Among the throng who saw the cavalcade descend the hill, and wind away through the now green forest, was Dr. Pantlin. He had been out of sight for some weeks, as men of his class found it necessary to be. Deprived clergymen were scarcely less abhorred by the ruling powers than Jesuit priests; and, if they thought fit to hold to their ministry, they could do it only on sufferance. Dr. Pantlin then had been on one of his rounds since February; and now, at the end of April, he appeared only in passing.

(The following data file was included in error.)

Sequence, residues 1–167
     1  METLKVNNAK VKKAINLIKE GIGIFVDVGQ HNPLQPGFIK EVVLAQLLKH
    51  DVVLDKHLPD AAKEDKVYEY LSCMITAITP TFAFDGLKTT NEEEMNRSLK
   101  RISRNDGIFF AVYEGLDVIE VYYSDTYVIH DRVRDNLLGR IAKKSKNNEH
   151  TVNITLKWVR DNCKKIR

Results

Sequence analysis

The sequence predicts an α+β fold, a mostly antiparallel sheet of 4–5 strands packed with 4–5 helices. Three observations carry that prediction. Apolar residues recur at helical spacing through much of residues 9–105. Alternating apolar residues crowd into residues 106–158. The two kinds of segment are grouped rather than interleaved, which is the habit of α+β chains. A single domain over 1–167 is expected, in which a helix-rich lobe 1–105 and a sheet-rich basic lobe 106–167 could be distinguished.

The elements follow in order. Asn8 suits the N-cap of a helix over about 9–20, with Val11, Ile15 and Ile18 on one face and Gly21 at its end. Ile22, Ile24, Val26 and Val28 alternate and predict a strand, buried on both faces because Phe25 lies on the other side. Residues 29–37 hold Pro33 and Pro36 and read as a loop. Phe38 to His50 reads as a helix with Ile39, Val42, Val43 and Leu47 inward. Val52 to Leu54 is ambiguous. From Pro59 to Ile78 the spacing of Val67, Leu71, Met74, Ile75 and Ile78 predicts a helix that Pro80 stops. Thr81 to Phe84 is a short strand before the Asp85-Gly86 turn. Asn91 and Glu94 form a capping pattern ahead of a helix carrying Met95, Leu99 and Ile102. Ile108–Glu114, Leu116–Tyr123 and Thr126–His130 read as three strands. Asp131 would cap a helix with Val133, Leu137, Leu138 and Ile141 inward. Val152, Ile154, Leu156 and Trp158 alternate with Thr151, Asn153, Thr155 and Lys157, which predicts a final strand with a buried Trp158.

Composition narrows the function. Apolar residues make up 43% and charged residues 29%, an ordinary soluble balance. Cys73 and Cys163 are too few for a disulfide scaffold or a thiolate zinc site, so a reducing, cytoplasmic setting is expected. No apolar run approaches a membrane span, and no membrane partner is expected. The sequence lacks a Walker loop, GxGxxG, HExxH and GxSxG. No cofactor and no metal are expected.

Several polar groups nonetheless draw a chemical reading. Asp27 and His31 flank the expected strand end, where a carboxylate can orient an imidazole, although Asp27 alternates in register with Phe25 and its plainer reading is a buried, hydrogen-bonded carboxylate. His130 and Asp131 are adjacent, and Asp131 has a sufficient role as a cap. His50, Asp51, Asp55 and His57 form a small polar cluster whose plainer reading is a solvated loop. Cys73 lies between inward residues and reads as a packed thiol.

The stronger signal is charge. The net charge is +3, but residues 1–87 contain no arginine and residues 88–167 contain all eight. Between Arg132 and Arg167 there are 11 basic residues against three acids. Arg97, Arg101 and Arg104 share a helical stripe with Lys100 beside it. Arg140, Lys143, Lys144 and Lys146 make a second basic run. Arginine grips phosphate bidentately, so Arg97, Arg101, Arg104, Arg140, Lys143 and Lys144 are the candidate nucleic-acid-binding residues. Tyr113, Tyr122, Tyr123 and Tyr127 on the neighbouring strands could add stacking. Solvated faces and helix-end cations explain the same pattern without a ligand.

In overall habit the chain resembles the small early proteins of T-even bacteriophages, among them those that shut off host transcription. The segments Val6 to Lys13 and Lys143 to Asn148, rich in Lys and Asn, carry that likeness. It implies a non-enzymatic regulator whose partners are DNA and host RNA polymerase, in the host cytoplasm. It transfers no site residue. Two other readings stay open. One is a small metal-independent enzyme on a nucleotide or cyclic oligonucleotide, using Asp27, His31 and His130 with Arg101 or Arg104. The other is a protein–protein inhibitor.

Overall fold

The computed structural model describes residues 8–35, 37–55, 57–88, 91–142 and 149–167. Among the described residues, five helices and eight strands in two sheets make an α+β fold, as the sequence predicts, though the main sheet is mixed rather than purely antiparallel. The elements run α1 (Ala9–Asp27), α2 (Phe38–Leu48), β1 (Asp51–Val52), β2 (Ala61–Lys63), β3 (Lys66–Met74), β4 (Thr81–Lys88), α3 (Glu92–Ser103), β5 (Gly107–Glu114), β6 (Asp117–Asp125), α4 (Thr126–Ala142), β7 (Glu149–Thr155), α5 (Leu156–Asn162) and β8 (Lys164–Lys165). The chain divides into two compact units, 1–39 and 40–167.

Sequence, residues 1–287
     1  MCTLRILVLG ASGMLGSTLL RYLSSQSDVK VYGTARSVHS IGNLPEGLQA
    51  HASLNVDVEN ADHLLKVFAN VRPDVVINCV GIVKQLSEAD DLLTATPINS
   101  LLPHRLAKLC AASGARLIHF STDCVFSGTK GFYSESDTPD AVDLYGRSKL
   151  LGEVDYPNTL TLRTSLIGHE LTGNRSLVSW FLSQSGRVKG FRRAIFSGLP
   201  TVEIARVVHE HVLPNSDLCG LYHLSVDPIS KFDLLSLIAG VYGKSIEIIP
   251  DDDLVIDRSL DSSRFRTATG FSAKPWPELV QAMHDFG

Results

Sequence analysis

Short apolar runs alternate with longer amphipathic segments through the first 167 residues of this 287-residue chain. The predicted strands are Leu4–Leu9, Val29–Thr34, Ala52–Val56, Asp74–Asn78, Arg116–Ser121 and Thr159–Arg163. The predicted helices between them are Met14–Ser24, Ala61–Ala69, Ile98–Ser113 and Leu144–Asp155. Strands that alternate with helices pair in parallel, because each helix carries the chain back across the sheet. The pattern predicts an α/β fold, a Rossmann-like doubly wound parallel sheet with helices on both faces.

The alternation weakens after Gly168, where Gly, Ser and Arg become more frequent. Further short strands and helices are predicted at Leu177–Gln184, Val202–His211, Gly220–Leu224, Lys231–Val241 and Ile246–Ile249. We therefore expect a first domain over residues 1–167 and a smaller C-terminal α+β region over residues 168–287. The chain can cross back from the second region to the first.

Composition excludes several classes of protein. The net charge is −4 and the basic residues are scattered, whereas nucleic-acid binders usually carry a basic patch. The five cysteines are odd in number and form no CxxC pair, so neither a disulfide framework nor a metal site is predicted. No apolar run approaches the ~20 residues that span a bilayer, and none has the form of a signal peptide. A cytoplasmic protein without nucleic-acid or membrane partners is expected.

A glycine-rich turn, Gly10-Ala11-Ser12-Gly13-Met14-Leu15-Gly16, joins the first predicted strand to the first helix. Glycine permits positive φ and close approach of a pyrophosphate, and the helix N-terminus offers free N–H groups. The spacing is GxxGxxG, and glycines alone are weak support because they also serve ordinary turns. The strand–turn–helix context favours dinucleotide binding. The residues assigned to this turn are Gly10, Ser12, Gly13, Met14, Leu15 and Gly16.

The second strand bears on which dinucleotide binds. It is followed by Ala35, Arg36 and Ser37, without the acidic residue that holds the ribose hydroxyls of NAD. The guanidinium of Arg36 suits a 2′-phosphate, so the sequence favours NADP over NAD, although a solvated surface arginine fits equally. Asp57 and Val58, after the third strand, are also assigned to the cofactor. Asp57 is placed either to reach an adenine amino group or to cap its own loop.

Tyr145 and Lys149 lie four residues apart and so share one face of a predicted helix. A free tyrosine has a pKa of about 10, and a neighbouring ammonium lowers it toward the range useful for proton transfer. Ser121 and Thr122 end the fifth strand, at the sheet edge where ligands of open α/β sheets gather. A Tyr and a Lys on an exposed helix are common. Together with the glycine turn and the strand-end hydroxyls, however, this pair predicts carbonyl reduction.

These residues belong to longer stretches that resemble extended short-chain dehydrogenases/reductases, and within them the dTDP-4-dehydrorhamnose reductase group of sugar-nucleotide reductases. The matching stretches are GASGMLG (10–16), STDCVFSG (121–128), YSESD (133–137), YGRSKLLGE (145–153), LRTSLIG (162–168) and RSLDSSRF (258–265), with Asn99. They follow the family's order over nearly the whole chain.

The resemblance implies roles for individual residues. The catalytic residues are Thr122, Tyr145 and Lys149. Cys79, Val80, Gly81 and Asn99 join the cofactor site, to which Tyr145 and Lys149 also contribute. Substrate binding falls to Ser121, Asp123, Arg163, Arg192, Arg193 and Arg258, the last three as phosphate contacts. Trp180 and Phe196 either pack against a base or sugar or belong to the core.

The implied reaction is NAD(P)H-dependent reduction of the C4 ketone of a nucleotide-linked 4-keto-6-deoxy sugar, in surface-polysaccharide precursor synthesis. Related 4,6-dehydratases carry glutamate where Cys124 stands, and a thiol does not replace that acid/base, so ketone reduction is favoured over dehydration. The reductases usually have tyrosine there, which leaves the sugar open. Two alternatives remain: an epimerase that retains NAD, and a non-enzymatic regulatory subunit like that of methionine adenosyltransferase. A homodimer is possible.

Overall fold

On the next Sunday it was plain that he had gathered matter for his discourse in attending on the departure of the Castle party. The church was closed, as happened very frequently, for want of a preacher. The Earl had applied to the universities for a man of learning and piety, to fill the parish pulpit: but the answer was that if the universities could not supply one-fifth part of the demands of the populous towns, they could not attend to rural parishes. One bishop had lately declared that he had but two preachers in his whole diocese. If the Earl would send up some promising young man, of sufficient instruction to read the service and a homily, such a person could be ordained on easy terms: otherwise there was no help. This left the field of religious teaching open to the deprived clergy; and they were eagerly listened to, and zealous to use their opportunity.